How to Find Your Ideal Client’s Pain Points

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In my last article titled “Do You Know What Keeps Your Ideal Clients Up at Night?” I explained why your ideal clients will be much more responsive and open to hearing from you when you address their pain points in your self-promotion.

But I know what you’re thinking … how would you know what their needs, problems and pain points are?

You don’t have to guess. There are place you can go to find out—and those places are the same places they go to get help.

Just ask yourself: What does my ideal client do when they need help? Where do they go, both online and off?

There are many types of resources available. The three resource types you are most likely to find are trade association, industry publications, and conferences and events.

getting design clients: customer pain pointsimage from Getty | CSA-Archive

Where to Go to Find Your Ideal Client’s Pain Points

1. Trade Associations

A trade association assists their members (i.e., your clients) by offering content, like a blog or webinars. The topics of all the content the association delivers would address the pain points of their members. So essentially, a list of blog posts or a schedule of webinar topics would give you a list of pain points. Try it: Take a look at a trade association in any market and see if you can figure out the problems that need solving.

2. Industry Publications

Do the same with any industry publication, where the articles, blog posts and other content address the readers’ pain points. For example, if you were targeting the beauty industry for branding and packaging, you would subscribe to Global Cosmetic Industry, a resource that offers a magazine, as well as events, a directory and more.

Let’s focus on the magazine. Under the category of “marketing,” we find an article called “The Perfect Brand Name.” The pain point this article addresses is the imperfect brand name. So, if you were marketing your branding and naming services in the beauty industry, you could develop a marketing campaign around the pain caused when a beauty brand has the wrong name and position your firm as the one that can cure that pain, especially for beauty brands. Ideally your content marketing, blog posts and articles, speaking engagements and case studies, would also focus on that issue, reinforcing your expertise.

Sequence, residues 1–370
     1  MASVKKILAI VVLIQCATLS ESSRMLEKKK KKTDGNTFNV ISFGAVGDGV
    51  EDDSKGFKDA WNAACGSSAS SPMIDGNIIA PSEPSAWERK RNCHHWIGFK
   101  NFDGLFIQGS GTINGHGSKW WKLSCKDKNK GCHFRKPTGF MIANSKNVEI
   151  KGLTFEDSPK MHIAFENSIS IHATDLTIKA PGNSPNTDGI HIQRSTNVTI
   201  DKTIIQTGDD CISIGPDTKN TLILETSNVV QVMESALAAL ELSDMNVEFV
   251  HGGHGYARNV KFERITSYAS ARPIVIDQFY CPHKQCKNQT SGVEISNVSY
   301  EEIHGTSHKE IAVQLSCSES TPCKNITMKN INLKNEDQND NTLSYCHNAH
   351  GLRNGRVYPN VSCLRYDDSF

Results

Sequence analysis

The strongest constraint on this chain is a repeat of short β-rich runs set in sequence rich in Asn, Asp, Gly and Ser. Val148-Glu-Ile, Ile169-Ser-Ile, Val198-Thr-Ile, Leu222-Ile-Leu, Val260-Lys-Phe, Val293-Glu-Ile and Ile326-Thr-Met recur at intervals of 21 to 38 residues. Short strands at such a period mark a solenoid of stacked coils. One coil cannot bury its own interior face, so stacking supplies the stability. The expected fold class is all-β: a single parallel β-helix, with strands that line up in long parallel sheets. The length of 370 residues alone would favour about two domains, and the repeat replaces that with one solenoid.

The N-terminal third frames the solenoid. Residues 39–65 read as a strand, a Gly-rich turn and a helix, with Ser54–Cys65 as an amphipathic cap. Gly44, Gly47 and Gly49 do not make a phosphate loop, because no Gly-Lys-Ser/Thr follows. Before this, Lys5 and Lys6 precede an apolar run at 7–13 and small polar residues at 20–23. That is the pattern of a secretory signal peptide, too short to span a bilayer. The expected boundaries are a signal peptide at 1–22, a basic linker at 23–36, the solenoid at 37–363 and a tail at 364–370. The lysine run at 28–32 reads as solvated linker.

3. Conferences and Events

Likewise, any conference or event would attempt to solve the pain points of the attendees with speakers who provide possible solutions. HOW Design Live is a perfect example of this.

If I were marketing services to designers and wanted to know what your pain points are, I would take a look at the session schedule to see what topics the speakers are covering. Looking at the schedule for the most recent HOW Design Live in Boston, I would find plenty of pain points to address:

  • The Art of Saying No
  • The Worst Negotiating Mistakes (and how to avoid them)
  • 7 Ways to Hack Creative Workflow and Advance Your Career
  • So You’re a Manager Now
  • Feel the Burnout?

Based on this, I would develop messaging and a campaign to speak to these problems, which lets my ideal clients know three important things:

  • that I understand what they’re struggling with
  • that I’ve seen it before
  • and that I know how to deal with it.

If you approach your self-promotion this way, it goes a long way toward building trust, especially with clients who don’t know you yet and how great you are. If you don’t address their pain points first, you may never get the opportunity to tell them how you can help them. Their pain is the doorway to a conversation.

Now it’s your turn—see if you can find three pain points for your target market that you can use in your self-promotion, and build a campaign around each one.

Want to know what else keeps your clients up at night? Check out part 1 of this series!

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